Emily Hughes had just completed a nearly flawless short program that brought the audience of 8,010 to its feet, when Meissner skated onto the ice to warm up and ran into a swarm of small skaters scooping flowers and stuffed animals flung by fans.
The Bel Air teen says she knew Hughes had done well, and that only made her more determined.
"There was a lot of pressure for me coming into this. I was really feeling it [Wednesday]. Today, I was just trying to relax and not think about it as much," Meissner said. "Having Emily skate well was good for me because it motivates me to do my best."
Meissner scored a 65.69, a personal best, to take the lead into tomorrow's long program. Her technical score was 37.55, and her program component score was 28.14.
Hughes also set a personal best score of 62.32, but it was not enough to hold on to second place. Beatrisa "BeBe" Liang hit a triple lutz-double toe combination - a slightly more technical combination than Hughes' triple flip-double toe combination - to earn a score of 62.66.
Performing to Georgy Sviridov's Snowstorm, Meissner opened with a triple lutz-triple toe combination, followed by a triple flip.
She has made no secret of her dislike of the short program, saying she always feels rushed to get in all the required elements. And certainly last night she had moments where a little deliberation might have helped her artistic score.
But when asked if she could have had more flow between her second and third jumps, Meissner had a quick comeback.
"I think more flow is always good, but I was on my feet so that's a lot of flow for me, right now," she said, giggling.
Meissner is attempting to become the first American woman since Kristi Yamaguchi in 1992 to win a national title after winning the world championship. The last time a junior national champion went on to win a senior title was Jill Trenary in 1990.
Tomorrow afternoon, Meissner will skate to Galicia Flamenco, a nod to her maternal great-grandfather's Spanish roots. She'll attempt seven triple jumps, including a pair of triple-triples.
The men's competition is a dead heat, with two-time world bronze medalist Evan Lysacek holding less than a point lead over three-time national champion Johnny Weir after the short program.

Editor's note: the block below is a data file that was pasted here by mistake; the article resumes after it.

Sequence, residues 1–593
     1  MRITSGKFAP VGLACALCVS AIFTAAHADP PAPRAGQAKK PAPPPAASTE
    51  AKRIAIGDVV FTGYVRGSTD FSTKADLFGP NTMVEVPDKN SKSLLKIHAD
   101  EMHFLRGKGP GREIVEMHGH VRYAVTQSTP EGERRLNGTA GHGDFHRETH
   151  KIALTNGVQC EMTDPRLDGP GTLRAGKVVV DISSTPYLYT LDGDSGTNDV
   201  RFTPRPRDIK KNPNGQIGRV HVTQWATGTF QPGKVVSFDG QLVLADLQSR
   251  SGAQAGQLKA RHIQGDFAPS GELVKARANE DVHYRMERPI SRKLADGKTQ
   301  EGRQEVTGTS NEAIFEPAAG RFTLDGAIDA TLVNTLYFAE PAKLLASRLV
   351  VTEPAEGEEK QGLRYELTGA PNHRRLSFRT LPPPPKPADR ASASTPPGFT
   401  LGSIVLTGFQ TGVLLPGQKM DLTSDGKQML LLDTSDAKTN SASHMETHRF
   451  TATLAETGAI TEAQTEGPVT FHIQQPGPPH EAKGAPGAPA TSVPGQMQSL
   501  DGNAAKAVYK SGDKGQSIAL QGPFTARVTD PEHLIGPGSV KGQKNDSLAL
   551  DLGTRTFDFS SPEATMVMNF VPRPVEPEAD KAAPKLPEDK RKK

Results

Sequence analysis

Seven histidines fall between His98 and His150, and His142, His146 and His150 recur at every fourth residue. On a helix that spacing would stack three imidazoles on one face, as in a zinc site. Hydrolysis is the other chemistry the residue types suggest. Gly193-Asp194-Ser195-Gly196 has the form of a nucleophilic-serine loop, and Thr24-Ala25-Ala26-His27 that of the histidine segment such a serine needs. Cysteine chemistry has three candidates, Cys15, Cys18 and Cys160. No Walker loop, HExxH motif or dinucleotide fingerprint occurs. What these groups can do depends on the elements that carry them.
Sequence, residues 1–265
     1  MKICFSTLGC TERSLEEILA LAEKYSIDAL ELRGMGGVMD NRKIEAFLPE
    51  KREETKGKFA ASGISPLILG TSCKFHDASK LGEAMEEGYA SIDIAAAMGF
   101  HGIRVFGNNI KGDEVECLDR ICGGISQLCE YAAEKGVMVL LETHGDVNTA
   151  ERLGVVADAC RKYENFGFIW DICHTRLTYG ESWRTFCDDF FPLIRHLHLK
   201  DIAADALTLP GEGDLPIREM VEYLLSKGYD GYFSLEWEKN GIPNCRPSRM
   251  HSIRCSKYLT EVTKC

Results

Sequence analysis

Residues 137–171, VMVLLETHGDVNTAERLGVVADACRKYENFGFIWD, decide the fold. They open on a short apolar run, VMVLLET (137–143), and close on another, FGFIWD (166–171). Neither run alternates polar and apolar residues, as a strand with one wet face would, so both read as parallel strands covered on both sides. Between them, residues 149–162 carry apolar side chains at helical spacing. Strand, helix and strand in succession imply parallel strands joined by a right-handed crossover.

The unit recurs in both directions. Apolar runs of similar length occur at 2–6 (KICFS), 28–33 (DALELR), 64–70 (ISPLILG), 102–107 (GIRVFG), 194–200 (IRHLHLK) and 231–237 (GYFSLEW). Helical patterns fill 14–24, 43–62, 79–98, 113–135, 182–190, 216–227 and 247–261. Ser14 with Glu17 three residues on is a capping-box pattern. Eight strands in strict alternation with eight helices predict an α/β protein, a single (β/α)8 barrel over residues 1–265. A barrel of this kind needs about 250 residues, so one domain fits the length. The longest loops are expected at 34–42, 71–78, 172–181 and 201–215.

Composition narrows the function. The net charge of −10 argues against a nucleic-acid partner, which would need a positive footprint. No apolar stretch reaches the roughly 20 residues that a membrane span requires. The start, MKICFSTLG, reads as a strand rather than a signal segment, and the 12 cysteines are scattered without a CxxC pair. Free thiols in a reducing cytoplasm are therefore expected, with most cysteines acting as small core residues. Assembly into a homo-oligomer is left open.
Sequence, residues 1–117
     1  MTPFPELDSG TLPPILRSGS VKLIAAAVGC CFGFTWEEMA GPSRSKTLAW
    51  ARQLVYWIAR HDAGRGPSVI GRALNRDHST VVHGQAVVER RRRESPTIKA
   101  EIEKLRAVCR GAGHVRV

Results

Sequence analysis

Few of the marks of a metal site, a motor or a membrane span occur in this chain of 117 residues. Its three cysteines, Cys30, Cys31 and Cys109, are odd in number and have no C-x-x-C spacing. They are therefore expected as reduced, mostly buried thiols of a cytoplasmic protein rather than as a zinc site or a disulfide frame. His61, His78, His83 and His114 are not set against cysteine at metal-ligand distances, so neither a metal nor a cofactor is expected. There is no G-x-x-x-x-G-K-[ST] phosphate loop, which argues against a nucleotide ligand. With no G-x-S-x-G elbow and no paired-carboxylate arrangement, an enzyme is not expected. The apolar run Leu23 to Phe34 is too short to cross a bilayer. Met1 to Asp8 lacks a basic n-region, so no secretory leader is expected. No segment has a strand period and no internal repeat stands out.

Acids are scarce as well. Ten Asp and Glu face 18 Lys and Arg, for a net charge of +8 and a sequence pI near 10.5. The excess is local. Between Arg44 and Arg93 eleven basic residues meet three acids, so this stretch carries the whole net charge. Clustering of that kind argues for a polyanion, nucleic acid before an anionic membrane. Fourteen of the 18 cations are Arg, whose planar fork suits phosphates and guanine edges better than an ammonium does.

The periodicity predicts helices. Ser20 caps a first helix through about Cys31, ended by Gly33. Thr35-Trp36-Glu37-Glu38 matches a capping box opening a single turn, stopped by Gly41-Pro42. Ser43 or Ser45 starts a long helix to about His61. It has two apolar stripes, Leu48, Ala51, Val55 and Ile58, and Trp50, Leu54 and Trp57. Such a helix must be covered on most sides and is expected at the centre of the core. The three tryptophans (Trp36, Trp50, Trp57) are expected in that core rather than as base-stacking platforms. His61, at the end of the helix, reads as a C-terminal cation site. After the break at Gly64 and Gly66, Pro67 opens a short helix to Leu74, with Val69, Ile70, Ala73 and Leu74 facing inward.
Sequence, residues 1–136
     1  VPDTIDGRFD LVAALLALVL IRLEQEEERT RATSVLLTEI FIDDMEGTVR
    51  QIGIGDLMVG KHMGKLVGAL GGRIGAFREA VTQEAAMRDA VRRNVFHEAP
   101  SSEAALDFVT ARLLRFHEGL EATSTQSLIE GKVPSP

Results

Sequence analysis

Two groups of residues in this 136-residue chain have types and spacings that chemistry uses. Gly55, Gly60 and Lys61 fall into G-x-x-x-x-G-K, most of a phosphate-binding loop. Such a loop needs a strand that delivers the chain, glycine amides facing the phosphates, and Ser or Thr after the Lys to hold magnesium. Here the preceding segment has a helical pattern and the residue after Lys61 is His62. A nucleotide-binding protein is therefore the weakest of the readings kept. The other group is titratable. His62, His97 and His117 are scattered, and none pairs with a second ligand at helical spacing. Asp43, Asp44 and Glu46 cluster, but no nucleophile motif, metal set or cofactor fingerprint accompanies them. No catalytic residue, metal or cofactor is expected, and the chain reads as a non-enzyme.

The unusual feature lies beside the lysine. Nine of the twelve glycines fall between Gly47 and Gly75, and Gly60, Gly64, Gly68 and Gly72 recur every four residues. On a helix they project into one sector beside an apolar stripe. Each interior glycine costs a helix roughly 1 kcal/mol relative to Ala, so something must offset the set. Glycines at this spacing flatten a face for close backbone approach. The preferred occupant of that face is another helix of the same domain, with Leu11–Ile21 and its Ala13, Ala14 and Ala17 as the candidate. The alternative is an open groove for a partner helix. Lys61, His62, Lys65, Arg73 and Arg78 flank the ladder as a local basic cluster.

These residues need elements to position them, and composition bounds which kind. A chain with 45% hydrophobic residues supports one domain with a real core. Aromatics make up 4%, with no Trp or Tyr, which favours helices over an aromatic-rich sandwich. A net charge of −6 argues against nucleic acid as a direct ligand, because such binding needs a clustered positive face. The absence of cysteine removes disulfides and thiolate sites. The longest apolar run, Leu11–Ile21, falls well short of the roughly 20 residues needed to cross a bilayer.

Lysacek skated first and with a sense of urgency to The Last Temptation of Christ, landing five triple jumps and executing crisp spins and footwork to earn a score of 78.99.
This was a skater with something to prove. He clenched his fists when he landed a triple flip, and let out a scream and raised his arms overhead during a victory lap afterward, as much in relief as joy. The 2005 bronze medalist and 2006 silver medalist at nationals said afterward that his reputation as a poor short-program performer had gotten in his head.
"This is the first time I've been able to make this statement. It's a weight off my shoulders," he said of his emotional on-ice display. Lysacek has never finished higher than Weir at nationals in five attempts.
Five skaters later, Weir hit the ice in an understated black-and-white jumpsuit adorned with the outline of chess pieces, a knight on the front, a rook on the back.
Skating to Palladio, a tune better known as the theme of the De Beers diamond commercials, Weir looked tentative in his footwork, spins and step sequences. The skater called it "a mishmash," and attributed his showing to nerves and lingering pain from a "hip-butt" injury that forced him to withdraw from the Grand Prix Final last month.
"It may not have been perfect at every level but it was the best I could do today and I'm thrilled with that," he said of his score of 78.14. "I heard the reaction to Evan and I heard his scores so I knew I'd have to skate well to beat it. I would have needed the highest I'd had all season and I got close."
Shaun Rogers of Millersville touched the ice with his hand on his triple flip but still finished fifth out of 18 competitors - one spot ahead of last year - with a score of 67.34.